In 'Valkyrie,' plot to kill Hitler operates on Cruise-control
One wonders what the audience-response cards from test screenings of "Valkyrie" must have been like. "This is a suspenseful thriller, like 'Mission: Impossible,' although I'm not sure how I feel about the mission actually being impossible. This Hitler guy should probably die."
One wonders what the audience-response cards from test screenings of "Valkyrie" must have been like.
"This is a suspenseful thriller, like 'Mission: Impossible,' although I'm not sure how I feel about the mission actually being impossible. This Hitler guy should probably die."
Yes, that would be a crowd-pleaser, but the filmmakers are shackled by the constraints of history.
"Valkyrie" tells the true story of a nearly successful attempt to kill Hitler, and director Bryan Singer feels that it's important to include as much historical accuracy as possible, such as making sure that everyone in the German army who is not Tom Cruise is British (no wonder they wanted to kill Hitler).
The German officer corps looks like it just spilled out of a bar on the West End - Kenneth Branagh, Tom Wilkinson, Bill Nighy, Terrence Stamp, Eddie Izzard, etc.
On one hand, it's kind of silly, on the other, these are very fine actors, and give this super-slick thriller some of the facets and angles that help make a cool object at which to gaze.
Cruise is his usual, instantly graspable self - the Prussian aristocrat/officer Stauffenberg, who hates what Hitler has done to Germany, and who (after he's wounded in Africa) joins a group of high-ranking officers who intend to blow up Der Führer.
The movie is long on action and short on background, and so glosses over some of the interesting details of the conspiracy. Like the fact that it dated back some half dozen years, and included officers who'd decided as early as 1938 that Hitler was a menace who'd have to go.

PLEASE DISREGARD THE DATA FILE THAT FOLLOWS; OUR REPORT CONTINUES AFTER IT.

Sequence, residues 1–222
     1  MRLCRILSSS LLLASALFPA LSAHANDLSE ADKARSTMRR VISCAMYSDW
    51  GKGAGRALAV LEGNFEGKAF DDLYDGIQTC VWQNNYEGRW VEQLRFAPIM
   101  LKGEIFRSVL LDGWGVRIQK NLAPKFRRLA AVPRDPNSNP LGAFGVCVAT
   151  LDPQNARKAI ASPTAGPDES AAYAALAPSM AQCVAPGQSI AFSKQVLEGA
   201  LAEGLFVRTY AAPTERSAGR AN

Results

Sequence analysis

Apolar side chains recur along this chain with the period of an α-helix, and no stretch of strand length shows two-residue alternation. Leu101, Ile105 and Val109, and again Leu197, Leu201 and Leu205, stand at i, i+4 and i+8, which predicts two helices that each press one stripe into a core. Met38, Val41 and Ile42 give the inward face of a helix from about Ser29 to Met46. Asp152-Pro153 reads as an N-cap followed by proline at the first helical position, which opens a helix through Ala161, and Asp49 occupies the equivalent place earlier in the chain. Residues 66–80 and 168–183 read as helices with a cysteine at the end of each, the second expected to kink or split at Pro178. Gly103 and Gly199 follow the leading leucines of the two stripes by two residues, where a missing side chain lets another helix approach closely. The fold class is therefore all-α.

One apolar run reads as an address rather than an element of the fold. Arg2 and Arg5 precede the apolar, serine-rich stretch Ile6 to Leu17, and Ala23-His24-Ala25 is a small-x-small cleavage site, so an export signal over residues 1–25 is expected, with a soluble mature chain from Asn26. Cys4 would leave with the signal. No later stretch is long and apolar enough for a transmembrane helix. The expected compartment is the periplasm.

Stauffenberg is the dynamic, no-nonsense catalyst who finally gets these quivering Hamlets to commit - single-handedly taking over planning of the assassination, then planting the bomb himself.
In a sense, the bomb has always been there. Stauffenberg is the fuse, a metaphor that Singer uses adroitly as he rattles off the details of the plot - the construction of the bomb, the details of the placement.
It's high-tension stuff, and there's a great scene of Stauffenberg, his fingers maimed by war, fumbling to arm the bomb in the seconds before he plants it at Hitler's feet.
And the bomb is just the half of it. Stauffenberg and company must also come up with a way to wrest the German government from the SS (the Nazi party's political army) once Hitler is out of the way. "Valkyrie" shows how the men concoct an ingenious plan to mobilize Berlin's army reserve units - a plan that nearly works.
The rest is a study of men under pressure, which brings out the best in some, the worst in others.
Two actors are especially well cast: Wilkinson as the bureaucratic general who won't act until he's sure his ass is covered, and Nighy as the weak-willed officer who goes to lunch when he should be activating the army reserve.
Cruise's Stauffenberg never wavers, and while Cruise is good at earnest commitment, it gives his character fewer dimensions.
Stauffenberg, of course, didn't get Hitler, but he did get his own statue - the only German monument to resistance ever erected after WWII. *
Produced by Bryan S*nger, Chr*stopher McQuarr*e and G*lbert Adler, d*rected by Bryan S*nger, wr*tten by Chr*stopher McQuarr*e, mus*c by John Ottman, d*str*buted by MGM.